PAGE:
Opinions vs. Facts
Do you ever wonder why hiking is supposed to be good for us or why it seems like it's an ever growing interest? Many people have begun enjoying this activity as a regular hobby. They use it as a tool helping them to combat their daily stressors.
More and more hikers have been sharing how it's changing their lives. Still remaining are the many who haven't given it a try yet. Some of those people waiting to give it a go might be looking for a good reason to. While maybe others, possibly from lack of research, think that it's just overrated. Thus, never really planning on ever taking their first hike. These are all just common opinions though and not real facts. This doesn't mean there isn't any factual evidence, because there's actually a lot of science behind why it's beneficial, and how it can positively effect you too.
Exercise and Sunshine
Let's start with the obvious reason of getting in some good old fashioned exercise and rays of sunshine. Remember that a body in motion stays in motion. This doesn’t mean you should be planning on climbing Mt. Everest if you’re just beginning.
Start at your own current athletic level. There’s trails for everyone -- there’s even apps that help you find the perfect one for you. While getting those limbs moving and heart pumping, you'll be getting lots of vitamin D too. Having more of this essential vitamin is just one way hiking will help you to reverse the negative side effects you may already be experiencing from too much time indoors.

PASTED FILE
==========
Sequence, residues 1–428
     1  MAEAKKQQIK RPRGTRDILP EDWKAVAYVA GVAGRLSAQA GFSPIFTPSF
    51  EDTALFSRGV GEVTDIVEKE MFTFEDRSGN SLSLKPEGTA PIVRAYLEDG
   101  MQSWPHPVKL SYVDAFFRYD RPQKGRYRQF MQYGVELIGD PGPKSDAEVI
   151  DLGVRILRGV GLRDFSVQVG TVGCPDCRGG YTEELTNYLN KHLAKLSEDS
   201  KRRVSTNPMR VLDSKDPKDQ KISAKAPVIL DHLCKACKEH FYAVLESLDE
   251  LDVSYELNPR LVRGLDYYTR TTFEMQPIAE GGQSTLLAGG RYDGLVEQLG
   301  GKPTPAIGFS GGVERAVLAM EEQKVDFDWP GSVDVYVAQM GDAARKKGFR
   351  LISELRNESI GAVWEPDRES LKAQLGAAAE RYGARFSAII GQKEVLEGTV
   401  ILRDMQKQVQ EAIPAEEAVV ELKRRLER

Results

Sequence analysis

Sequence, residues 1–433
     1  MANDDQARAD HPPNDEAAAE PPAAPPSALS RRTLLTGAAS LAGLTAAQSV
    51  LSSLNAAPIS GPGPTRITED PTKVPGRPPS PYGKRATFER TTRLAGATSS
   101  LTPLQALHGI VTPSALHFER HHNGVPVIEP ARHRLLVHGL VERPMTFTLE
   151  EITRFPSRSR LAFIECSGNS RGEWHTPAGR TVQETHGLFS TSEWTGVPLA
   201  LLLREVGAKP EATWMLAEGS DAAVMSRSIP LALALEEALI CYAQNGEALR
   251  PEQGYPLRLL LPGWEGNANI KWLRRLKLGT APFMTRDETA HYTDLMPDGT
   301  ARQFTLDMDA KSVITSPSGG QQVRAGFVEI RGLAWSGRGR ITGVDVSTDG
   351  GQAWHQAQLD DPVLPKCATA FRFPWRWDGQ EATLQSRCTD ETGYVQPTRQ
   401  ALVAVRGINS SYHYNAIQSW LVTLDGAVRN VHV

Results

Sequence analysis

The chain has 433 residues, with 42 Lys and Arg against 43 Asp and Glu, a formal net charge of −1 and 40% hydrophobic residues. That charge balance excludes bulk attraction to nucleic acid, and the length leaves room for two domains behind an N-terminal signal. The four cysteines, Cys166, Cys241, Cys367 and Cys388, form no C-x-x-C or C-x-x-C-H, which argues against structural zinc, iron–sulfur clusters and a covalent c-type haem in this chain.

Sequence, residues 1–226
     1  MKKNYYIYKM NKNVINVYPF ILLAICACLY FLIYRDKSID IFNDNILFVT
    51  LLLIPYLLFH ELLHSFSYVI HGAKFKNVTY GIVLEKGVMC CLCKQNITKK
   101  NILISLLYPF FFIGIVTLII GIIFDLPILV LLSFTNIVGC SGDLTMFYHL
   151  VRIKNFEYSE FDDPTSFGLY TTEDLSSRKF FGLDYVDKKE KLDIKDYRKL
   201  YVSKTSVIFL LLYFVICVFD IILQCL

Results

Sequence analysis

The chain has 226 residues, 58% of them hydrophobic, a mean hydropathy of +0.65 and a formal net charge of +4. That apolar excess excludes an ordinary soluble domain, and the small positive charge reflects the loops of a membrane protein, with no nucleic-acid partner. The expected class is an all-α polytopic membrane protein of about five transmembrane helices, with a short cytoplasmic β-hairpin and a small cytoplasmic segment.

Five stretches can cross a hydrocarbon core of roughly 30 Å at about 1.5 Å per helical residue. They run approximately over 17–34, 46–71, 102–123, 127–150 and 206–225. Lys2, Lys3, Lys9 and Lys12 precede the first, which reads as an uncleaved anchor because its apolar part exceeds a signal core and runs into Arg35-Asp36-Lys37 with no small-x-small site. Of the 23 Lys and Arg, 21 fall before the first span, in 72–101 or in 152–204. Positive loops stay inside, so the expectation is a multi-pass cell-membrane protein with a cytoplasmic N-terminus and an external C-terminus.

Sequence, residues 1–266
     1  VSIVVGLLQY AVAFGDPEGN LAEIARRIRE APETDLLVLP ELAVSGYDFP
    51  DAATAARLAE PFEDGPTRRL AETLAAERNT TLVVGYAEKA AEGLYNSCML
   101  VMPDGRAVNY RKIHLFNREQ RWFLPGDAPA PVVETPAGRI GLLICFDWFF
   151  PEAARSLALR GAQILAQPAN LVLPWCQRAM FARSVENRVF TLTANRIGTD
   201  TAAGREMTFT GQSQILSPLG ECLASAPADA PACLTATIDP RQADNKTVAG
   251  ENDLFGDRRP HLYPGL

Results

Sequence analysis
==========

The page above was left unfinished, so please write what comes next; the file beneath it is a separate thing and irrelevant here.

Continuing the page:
Staying inside for extended periods of time can have some unexpected side effects like fatigue, anxiety, restlessness, hopelessness, chronic
pain, decrease in bone and muscle density, and the list goes on.
Bone & Muscle Density
Hiking also improves bone density? It certainly can! Our bones are alive and ever changing. Just like us. Hiking regularly can trigger your body to enhance itself. It does this in order to withstand the overload from pushing yourself outside of your comfort zone. As humans, getting older puts us at a higher risk for osteoporosis, brittle bones, etc. Like with most things, prevention is better than trying to cure. Don't get me wrong though, hiking can still help even if you weren't able to give your body that head start and are already suffering from some of these conditions or symptoms. Vitamin D also plays a role in this enhancement.
A deficiency of D vitamins has been linked to bone pain and muscle weakness. Hit the trails and you’ll be on the road to combating chronic pain. After awhile you'll start to notice that your
comfort zone has started growing along with your bones and muscles.
Good for the Heart
Another way hiking benefits us is that it strengthens our heart and lowers our risk of cardiovascular disease. The same way our body adapts to strengthen our muscular-skeletal system, it can do the same for our heart.